This saves them P5 million a year in hauling costs, more than enough to pay for the one-time cost of an MRF and P1 million yearly for the salary of 17 waste collectors.
In San Fernando City in Pampanga, a similar project achieved 55% diversion in 6 months. They were able to bring down their 120 tons of garbage to less than 90 tons. (READ: Garbage law impossible to implement? Look at San Fernando)
How? By simply following the law and putting up one MRF per barangay. In fact, the city has 100 MRFs despite having only 35 barangays. The initiative was so effective that even schools and subdivisions built their own facilities.
Because of the system, San Fernando spends only P13 per person to manage waste. QC spends P333 per person to do the same thing.
RA 9003 requires every LGU to divert at least 50% of their garbage. Po said QC diverts 42% of its garbage through programs that promote at-source segregation (residents themselves separate bio-degradable waste from non-biodegradable).
“We have waste reduction measures in different levels: barangay, community-based segregation program, private establishments, partnerships with malls for waste markets, kitchen waste collection,” she added.
But if so, why did QC’s annual budget for waste collection and disposal increase by P78 million? A Commission on Audit report showed that in 2012, the city spent P920 million. In 2013, it spent P998 million.
Po pointed to the increasing population and the growing number of commercial developments in the city as reasons.
“But that’s assuming you collect all kinds of waste. If so, then expenses will really go up,” weighed in Grate.
“But if you really implement at-source segregation, it should drastically go down and then increase in population will only have a minimal effect. The cost won’t even reach P200 million if you implement RA 9003.”
How many schools can you build?
If QC were to divert 50% of its waste, it can potentially shave off P460 million from its annual expenses on garbage, said Grate.
Instead, the P460 million can be distributed equally to barangays for the decentralized waste management system required by law. If each of its 142 barangays were to receive a P3.2 million budget, they can use P500,000 to build a DENR-standard MRF.
Hiring 10 collectors each with a monthly salary of P8,000 would cost less than P1 million every year. Even with those expenses, the barangay would still have P1.78 million. City-wide, that’s P253 million saved and 1,420 employed barangay residents.
“How many schools can you build with P253 million?” asked Grate.
|Quezon City Decentralized Garbage Management Sample Budget|
|2012 budget from COA report||920,700,000|
|Savings||460,350,000||920.7 million / 2|
|MRF budget||500,000||(one time)|
|2,741,901||3.24 million – 500,000|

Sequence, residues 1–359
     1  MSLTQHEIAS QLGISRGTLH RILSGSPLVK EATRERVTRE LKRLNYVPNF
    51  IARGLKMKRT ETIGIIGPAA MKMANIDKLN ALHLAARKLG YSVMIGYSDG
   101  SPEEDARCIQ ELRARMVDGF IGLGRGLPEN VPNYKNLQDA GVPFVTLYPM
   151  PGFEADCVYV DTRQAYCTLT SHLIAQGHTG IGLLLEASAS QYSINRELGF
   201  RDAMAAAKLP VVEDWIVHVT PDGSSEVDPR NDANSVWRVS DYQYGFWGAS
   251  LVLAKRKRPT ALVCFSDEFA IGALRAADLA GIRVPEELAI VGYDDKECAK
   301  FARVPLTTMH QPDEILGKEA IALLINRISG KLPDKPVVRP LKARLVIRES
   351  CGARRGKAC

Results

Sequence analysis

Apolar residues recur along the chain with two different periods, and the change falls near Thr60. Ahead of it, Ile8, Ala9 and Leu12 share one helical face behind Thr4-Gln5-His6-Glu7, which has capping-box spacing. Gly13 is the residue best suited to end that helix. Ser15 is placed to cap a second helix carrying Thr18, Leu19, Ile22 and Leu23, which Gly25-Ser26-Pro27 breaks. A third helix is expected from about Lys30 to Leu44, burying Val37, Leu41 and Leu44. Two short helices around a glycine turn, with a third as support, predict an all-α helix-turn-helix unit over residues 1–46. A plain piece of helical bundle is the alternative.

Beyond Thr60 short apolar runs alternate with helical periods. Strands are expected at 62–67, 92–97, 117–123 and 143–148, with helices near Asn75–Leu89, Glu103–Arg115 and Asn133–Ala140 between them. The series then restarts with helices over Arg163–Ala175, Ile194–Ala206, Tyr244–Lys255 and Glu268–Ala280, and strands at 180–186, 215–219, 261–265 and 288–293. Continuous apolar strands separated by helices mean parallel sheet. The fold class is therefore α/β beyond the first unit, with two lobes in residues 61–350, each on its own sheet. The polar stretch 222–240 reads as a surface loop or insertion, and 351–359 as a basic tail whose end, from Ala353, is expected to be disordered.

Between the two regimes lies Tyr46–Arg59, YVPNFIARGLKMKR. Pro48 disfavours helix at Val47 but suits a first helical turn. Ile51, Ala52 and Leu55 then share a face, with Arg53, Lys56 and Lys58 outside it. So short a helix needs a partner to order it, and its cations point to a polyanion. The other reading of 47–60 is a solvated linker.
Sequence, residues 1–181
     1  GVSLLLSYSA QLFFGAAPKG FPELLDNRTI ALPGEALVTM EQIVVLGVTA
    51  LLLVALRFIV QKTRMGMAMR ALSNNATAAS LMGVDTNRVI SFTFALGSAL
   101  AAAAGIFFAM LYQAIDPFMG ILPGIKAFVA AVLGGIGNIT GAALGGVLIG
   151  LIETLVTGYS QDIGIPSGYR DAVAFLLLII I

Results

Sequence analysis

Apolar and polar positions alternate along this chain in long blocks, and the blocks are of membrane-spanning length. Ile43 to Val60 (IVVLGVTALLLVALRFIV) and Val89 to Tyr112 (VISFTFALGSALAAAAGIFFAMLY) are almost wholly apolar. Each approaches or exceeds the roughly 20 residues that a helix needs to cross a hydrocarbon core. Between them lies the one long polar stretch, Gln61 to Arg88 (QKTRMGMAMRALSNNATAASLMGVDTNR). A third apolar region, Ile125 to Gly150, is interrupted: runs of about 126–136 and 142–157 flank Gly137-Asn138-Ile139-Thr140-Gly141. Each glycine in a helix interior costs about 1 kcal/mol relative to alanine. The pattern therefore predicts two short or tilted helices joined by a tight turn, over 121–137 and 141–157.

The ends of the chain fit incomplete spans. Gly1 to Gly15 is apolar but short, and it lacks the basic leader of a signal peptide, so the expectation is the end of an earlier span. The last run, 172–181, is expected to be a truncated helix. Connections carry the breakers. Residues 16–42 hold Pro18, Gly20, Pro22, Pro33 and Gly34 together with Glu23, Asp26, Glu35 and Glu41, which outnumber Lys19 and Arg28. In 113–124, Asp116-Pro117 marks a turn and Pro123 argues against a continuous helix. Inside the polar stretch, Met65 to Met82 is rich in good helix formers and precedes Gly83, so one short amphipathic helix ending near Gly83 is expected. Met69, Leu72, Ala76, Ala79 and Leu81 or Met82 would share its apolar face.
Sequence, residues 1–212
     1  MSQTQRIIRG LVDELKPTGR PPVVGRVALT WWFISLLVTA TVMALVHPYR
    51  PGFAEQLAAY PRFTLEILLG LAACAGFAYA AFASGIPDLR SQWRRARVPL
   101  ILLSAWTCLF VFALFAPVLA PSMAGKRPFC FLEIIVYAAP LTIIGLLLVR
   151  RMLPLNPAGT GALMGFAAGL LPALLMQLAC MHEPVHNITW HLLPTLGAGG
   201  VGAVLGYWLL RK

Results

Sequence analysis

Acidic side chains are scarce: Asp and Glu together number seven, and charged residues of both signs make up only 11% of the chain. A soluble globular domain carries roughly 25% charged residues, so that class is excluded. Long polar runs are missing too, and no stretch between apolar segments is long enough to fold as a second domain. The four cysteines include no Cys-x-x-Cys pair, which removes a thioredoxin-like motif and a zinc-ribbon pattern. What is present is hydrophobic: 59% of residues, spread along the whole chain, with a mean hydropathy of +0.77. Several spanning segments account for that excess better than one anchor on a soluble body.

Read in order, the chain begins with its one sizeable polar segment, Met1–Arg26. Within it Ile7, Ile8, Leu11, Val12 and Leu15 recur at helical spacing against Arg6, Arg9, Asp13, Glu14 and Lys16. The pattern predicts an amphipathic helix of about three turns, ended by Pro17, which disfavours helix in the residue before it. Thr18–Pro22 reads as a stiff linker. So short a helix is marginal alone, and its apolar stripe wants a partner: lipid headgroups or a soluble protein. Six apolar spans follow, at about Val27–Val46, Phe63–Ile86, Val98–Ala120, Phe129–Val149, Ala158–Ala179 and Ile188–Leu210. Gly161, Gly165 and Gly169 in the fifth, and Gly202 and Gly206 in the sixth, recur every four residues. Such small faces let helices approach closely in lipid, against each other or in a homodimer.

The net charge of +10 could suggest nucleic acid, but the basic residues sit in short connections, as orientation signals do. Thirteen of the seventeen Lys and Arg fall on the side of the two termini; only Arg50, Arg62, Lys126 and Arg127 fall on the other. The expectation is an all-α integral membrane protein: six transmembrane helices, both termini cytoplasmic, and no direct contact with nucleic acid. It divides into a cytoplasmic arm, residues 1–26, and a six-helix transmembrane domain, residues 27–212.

|Collectors salary||960,000||10 x 8,000 x 12 months|
|Savings per barangay||1,781,901||2.74 million – 960,000|
|Savings city-wide||253,030,000||1.78 million x 142 barangays|
The sluggish implementation of the Solid Waste Management Act by LGUs can be explained by another reason.
“Garbage is a cash cow for many LGUs, especially in Metro Manila,” said Grate. It is among a city’s biggest expenses.
Some LGUs are loathe to decentralize garbage management because doing so would channel funds away from their control.
For instance, a successful solid waste management program 6 years ago in Del Monte, Quezon City was able to divert 80% of garbage from having to end up in the landfill. Some residents told the barangay officials to stop dump trucks from entering the village because there was no garbage to pick up anymore.
But even after being told by barangay officials that they no longer had to collect trash, the dump truck operators themselves insisted on entering the village. They said they had to because they were being paid by city hall per trip.
These “ghost trips” are only the tip of the iceberg (or the garbage mound), said Von Hernandez, President of EcoWaste Coalition. There are tales of dummy private contractors set up by one private contractor giving them virtual monopoly over garbage collection and the funds that go with it. There are some LGU officials who run specifically to take over the garbage collection and award contracts to friends or relatives.
|Local Government Unit||Solid Waste Budget||Per Capita Spending|
|Taguig||(No data available)||(No data available)|
RA 9003 is harder to implement in LGUs that have had a long-standing garbage program heavily dependent on private contractors for hauling and disposing. It’s these contractors – and the government officials who get kickbacks – who stand to lose money if the system is decentralized.
QC’s garbage expenses may rise even more within the year. The Payatas landfill, operational since 2011, may no longer be usable come June 30 because of over-capacity. The site now holds more than 1.3 million tons of trash. With no other landfill identified within QC, the city may have to use a landfill outside, possibly the Rodriguez landfill in Montalban.
This could quadruple the city’s garbage spending because the city will need to spend on more trucks, more fuel, and more employees.
In total, Metro Manila LGUs spent P4 billion on garbage in 2012. That excludes how much the Metro Manila Development Authority spends on tipping fees to be able to use the landfills. All in all, Metro Manila is spending around P7 billion just to throw trash.
“It’s more scandalous than the Priority Development Assistance Fund,” decried Grate.
If LGUs don’t get serious in implementing RA 9003, more millions of pesos will go to waste as opportunity costs for communities pile up as high as the Payatas landfill. – Rappler.com